It would be nice if the tough questions in life could be answered in simple black and white terms with no shades of grey or color. Getting answers with a straightforward yes or no, good or bad, easy or hard would be so much simpler to deal with. Most people know that if you have lived on this earth long enough to have attended kindergarten, you learn pretty quickly that crayons, as in life, come in more colors than black and white and at times life is not easy or fair.
I know that many of you, including our families, have a lot of questions. It’s been tough for us to understand this process as well. Quite frankly, the few times I have talked about it or tried to shed light on the developments, I’m always left feeling that I didn’t explain it fully or that I didn’t make sense. It has always been important to me when talking about something, that I’m understood and that I’m expressing myself clearly. I am also a person who likes details in a story, so in general I tend to over explain and give a lot of information. This has not been necessarily true in this case. You see, I have not given every account of every conversation or the details in which Sarah’s doctors have explained things to us. Part of the reason for this is it can be difficult for me to re-explain exactly what the doctors have told us, while at the same time trying to convey their medical explanations and sincerity. I will try to do that now.
First let me reassure everyone that Sarah’s father and I are not the type of people to follow directions just because a doctor or any other “authority” or “expert” says so. We are both fiercely protective of our children and when it comes to their health and education we are even more so. I am an adamant believer in researching a professional’s background and reviews. I also feel strongly that you need to look at a professional as one part of a whole picture. In other words, when you choose a doctor , how was he recommended, how is his demeanor with you and/or his patients, does he answer your questions, how is his office staff to deal with and other things that you can think of along those lines. Sarah’s team, and I use the word “team” because that is how they are working together and how they see themselves, are without a doubt giving her the best care possible. On Sarah’s team we have the following players: pediatrician, oncologist, surgeon, pathologists and all their nurses and staff including those at Arnold Palmer Children’s Hospital.
I’m not a doctor, nor do I play one on TV. That said, the best way I can describe the need for another biopsy and the pathologist’s inability to conclusively come up with a type of lymphoma is that the science of pathology is not an exact science! Huh? What? You say….Well, lymphomas are not easy to diagnose and require many, many slides that come from the biopsy tissue that has been thinly sliced and processed by staining, freezing or some other kind of laboratory method that I don’t fully comprehend. My understanding is that there is no real “eureka” moment for a pathologist but rather a careful series of observations and deductions. In Sarah’s case, the two pathologists that have been working diligently on her samples each have over 20 years experience specific to lymphoma. Apparently, Sarah’s lymph node has all the characteristics of a lymphoma without the pathologists being able to discern its type.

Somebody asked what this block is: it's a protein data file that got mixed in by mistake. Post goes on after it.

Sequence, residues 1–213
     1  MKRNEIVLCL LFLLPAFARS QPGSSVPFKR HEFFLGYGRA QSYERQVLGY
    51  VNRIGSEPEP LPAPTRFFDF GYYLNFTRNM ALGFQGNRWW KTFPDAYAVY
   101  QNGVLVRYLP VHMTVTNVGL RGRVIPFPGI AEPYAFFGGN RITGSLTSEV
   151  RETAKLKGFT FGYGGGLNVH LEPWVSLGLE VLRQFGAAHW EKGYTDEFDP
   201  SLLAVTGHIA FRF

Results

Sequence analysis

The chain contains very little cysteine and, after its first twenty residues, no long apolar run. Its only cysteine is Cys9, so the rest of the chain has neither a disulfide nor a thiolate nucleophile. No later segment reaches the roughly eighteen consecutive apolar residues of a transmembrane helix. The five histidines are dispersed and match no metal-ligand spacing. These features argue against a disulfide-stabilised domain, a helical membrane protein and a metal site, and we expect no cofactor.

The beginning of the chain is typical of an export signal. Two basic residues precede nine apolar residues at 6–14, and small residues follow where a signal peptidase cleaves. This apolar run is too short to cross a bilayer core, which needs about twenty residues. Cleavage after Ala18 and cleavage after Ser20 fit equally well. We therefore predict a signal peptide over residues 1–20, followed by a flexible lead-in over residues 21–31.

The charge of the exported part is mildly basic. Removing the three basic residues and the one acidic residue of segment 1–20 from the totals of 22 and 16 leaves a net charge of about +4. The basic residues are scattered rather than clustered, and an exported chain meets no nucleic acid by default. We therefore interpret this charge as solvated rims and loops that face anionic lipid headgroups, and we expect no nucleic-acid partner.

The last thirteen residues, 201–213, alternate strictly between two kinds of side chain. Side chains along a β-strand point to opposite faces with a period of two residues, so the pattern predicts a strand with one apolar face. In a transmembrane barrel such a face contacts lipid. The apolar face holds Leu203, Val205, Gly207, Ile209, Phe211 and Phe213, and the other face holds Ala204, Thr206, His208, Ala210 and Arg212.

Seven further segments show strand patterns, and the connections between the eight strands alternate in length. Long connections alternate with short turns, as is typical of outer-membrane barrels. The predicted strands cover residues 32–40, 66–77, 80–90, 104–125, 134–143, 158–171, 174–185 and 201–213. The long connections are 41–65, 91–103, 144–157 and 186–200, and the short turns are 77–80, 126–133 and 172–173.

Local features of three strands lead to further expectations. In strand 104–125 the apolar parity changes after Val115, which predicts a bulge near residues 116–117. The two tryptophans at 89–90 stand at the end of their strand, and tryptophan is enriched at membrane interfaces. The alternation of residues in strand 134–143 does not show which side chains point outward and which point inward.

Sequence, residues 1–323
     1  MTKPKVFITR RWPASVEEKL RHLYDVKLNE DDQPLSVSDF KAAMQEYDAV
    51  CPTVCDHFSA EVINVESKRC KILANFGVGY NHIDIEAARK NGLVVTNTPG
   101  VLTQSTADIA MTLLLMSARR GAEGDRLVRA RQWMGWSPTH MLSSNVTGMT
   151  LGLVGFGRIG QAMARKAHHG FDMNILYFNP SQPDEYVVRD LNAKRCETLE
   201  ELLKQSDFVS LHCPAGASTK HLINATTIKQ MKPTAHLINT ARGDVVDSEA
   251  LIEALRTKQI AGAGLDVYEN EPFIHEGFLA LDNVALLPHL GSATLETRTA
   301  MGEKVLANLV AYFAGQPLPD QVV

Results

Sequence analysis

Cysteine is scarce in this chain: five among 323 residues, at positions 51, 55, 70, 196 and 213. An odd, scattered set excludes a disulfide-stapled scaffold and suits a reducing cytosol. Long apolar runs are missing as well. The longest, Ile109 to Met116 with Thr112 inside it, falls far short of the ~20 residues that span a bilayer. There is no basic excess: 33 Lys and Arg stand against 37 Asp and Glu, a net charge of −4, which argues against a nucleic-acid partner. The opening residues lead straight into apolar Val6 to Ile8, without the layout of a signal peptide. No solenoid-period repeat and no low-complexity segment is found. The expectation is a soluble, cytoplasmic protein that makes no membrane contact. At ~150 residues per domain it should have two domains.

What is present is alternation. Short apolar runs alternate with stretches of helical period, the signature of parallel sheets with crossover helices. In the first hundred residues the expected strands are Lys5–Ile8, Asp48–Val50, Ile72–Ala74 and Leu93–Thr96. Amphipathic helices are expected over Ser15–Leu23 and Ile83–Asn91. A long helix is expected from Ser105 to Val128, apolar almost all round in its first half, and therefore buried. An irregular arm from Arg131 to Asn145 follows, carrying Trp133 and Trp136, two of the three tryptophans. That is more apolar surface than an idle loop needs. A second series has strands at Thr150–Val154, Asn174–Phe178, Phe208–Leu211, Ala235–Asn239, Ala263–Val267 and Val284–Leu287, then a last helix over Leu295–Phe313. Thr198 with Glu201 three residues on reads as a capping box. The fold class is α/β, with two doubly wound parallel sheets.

It is very uncommon that a full diagnosis is not able to be rendered using what is normally a more than adequate sample of tissue. There are two possibilities for this to happen, not finding the cancer cells and/or a pseudolymphoma. Finding cancer cells is not always so easy. Here’s how I explain it: you make a cake and in the batter you throw in 20 sesame seeds. You bake it, frost it and cut the cake in ½ . You then take your half of cake and start cutting smaller and smaller slices looking for 1 or more of those sesame seeds. Even though you cut the cake in half , all the seeds may still be in the other half. With pseudolymphoma: it is a rare benign process that is characterized by an infiltration of lymphoid cells or histiocytes which microscopically resembles a malignant lymphoma, therefore, often causing problems with a differential diagnosis. Translation: if it looks like a duck, quacks like a duck, acts like a duck it still may not be a duck but rather a BUNNY in a really good costume.
According to Dr. M and Dr. L, pathologists are not a proud group and will always seek a second opinion or confirmation from known experts within the field if they are unsure. This would also include sending samples to the FBI of pathology, The Armed Forces Institute of Pathology in Washington DC. Since all the tissue was used in the initial testing without a full conclusion, an additional biopsy was needed.
To give everyone an idea of how uncommon this is, Dr M has been a surgeon over 20 years and has only needed to go back for more of a sample once in the last 10 years. Dr. L has been an oncologist for 10 years and this is the first time in his career that this has happened. One of the pathologists has experienced this type of case twice in 23 years and the other pathologist only once in his 20 years of experience. All agree this is very rare and unusual, but not something that is unheard of. What can I say, leave it to my girl to be rare and unusual.
As of this post, Sarah has undergone her second biopsy and seems to be recovering better than the first time. If you know my Sarah, you know that she does not tolerate pain well and she can be quite the diva. I was truly expecting much worse the second time around. I am very surprised and pleased at how well she is doing considering she was not as comfortable for at least two days following the original surgery.
We should know more by the end of next week. So in the meantime, as my husband likes to say, we hurry up and wait and hope that they pull a BUNNY out of a hat rather than a duck.